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Working together to expand women’s rights

Foreign ministers Guido Westerwelle and Zalmai Rassoul at the Afghanistan conference about Afghanistan's future

Dec. 6, 2011

Also available in Deutsch

At the second day of the Civil Society Forum Afghanistan in Bonn, representatives of Afghan civil society met German Foreign Minister Guido Westerwelle and his Afghan counterpart Salmai Rassoul. Both ministers talked with the Afghan delegates about the policy proposals that they have developed for the future development of Afghanistan. Primarily the discussion was about the rights of women and their role in Afghan society.

In opening remarks on Saturday of the conference, Westerwelle said the topic of women’s rights in Afghanistan is of “special concern” to him concerning Afghanistan’s transformation process. „A country can’t afford to ignore the creativity and energy of half of its population”, he said in front of 250 listeners. Therefore it is a good sign that almost half of the 34 participating delegates of Afghanistan’s civil society are women and that most of them also represent a women’s right organisation.

Not only Westerwelle but also Afghanistan's foreign minister Rassoul talked about the „duty to give women the rights they deserve.” But to reach this he said, it will need time, education and a full commitment from both, the government as well as the civil society. In which direction this should go, was put in more concrete terms by Gudrun Kopp, Parliamentary State Secretary to the Federal Minister for Economic Cooperation and Development, who also joined the conversation. „Especially in primary schools it is needed that the educational opportunities for girls will be expanded. Educated women can take care of their own incomes, and thus participate in society.” At this point already, one third of all children in Afghan schools are girls and the women’s quota in parliament is 28 percent. This shows that Afghanistan is on the right track, said Kopp.

Spokesman of the Afghan delegates, Barry Salaam, pointed out however, that his country started from scratch ten years ago, and that therefore every step forward is in most of the times immediately seen as a big step. „But concerning women’s rights, this step is not big enough yet. We have a lot to do to further improve women’s conditions. Women are still harassed on the streets and discriminated against in the Afghan legal system.” said Salaam. He asked the international community to support capacity building activities as educating judges for example.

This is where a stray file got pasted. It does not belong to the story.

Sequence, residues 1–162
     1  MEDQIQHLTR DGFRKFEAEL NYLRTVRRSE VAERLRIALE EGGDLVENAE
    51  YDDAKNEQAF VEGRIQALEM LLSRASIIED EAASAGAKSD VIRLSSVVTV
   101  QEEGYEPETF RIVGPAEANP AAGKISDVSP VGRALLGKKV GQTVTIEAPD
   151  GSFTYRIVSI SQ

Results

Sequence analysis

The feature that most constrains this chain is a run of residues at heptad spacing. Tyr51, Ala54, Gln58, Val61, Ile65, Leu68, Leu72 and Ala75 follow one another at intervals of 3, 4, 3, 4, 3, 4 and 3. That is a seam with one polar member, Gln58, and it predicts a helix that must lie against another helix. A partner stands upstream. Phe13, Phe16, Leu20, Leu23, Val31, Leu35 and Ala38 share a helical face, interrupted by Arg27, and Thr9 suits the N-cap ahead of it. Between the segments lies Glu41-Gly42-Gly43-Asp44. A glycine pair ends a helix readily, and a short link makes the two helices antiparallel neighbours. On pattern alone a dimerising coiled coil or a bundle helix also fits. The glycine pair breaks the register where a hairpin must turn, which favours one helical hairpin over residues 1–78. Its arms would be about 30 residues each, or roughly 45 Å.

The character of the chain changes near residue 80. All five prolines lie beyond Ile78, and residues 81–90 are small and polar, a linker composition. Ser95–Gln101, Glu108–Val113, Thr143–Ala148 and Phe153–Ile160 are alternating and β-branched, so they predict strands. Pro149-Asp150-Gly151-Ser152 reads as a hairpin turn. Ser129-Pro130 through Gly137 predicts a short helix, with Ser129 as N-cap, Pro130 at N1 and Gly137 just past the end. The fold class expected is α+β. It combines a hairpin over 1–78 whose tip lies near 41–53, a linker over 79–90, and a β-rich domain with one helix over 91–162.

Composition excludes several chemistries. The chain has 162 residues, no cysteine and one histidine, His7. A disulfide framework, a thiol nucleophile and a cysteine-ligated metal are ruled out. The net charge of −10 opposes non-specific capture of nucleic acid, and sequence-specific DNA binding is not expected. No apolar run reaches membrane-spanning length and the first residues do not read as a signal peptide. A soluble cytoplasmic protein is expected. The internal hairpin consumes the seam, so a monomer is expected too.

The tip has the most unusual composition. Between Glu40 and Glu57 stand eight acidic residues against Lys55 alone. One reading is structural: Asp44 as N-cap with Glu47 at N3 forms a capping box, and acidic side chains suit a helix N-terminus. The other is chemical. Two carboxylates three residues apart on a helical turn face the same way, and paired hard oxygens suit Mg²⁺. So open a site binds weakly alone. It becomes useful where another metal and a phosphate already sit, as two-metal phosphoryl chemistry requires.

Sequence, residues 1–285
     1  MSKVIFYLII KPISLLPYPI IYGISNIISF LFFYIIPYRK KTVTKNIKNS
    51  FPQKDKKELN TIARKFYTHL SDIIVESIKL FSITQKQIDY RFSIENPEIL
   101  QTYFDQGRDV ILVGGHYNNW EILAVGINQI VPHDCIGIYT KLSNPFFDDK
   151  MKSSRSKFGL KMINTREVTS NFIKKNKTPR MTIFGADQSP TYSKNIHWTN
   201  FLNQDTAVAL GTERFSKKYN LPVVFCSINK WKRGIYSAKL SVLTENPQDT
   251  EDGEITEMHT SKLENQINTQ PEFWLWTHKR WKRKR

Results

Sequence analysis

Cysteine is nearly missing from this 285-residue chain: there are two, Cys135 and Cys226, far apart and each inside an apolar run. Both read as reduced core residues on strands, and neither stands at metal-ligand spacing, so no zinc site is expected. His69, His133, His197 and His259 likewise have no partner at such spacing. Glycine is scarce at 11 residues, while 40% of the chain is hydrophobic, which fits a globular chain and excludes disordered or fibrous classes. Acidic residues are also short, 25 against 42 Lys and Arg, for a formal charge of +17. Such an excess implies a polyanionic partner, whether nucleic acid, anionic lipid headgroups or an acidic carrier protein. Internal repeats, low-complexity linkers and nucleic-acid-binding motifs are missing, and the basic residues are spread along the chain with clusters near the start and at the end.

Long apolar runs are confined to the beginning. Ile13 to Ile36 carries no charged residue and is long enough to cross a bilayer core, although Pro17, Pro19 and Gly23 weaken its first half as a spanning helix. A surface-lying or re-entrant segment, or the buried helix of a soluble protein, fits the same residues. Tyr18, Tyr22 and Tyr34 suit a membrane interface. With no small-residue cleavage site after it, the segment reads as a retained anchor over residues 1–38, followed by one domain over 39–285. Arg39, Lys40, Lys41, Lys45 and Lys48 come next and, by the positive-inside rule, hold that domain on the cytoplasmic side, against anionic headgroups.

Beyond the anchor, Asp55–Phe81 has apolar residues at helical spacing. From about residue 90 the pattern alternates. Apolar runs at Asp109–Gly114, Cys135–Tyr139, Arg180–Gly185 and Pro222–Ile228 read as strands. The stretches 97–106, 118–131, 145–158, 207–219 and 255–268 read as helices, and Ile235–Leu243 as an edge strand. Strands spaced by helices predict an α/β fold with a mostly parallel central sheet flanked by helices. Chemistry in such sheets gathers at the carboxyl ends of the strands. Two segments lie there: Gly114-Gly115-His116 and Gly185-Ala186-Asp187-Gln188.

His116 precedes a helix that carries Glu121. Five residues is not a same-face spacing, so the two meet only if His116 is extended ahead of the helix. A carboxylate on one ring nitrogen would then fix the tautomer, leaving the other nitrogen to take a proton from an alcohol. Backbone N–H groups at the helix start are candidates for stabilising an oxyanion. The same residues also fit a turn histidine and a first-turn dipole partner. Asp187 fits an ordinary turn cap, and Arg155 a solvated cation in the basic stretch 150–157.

Other prior topics that were being discussed concerned the ongoing fight against terrorism and the future perspectives for Afghanistan after 2014 when the International Security Assistance Force won’t be in the country any longer. Foreign minister Westerwelle assured the delegates: „We guarantee that we will not leave you alone after 2014. We will show our solidarity in the long term with a special focus towards civil society.” This promise also meant an extensive financial commitment, especially in rural areas to support the society’s stability. But, continued Westerwelle, this promise is part of a bigger deal. In return, Afghanistan must commit themselves to nonviolence and it should respect its constitution by recognizing civil rights and human rights.

Barry Salaam is optimistic that the Afghan government and its civil society are able to, collaboratively, cope with this upcoming task. „Our wishes aren’t that different from each other, but we have different perspectives on what we think is needed and different ways of how to approach these needs.” Therefore it is important that civil society forums can work freely without the government interfering. Foreign minister Rassoul assured that: „The Afghan government accepted the independence of civil society and is doing its best, to get them involved in the transformation process.”

These topics were atop the agenda on Saturday at the Afghan civil society forum that lead into Monday’s conference where speakers as Selay Ghaffar and Barry Salaam, together with the 34 representative of Afghanistan’s civil society discussed on what international support in Afghanistan will look like after 2014, when most NATO combat forces are scheduled to complete their withdrawal.


ImageMarc Frings
Head of the KAS office Palestinian Territories

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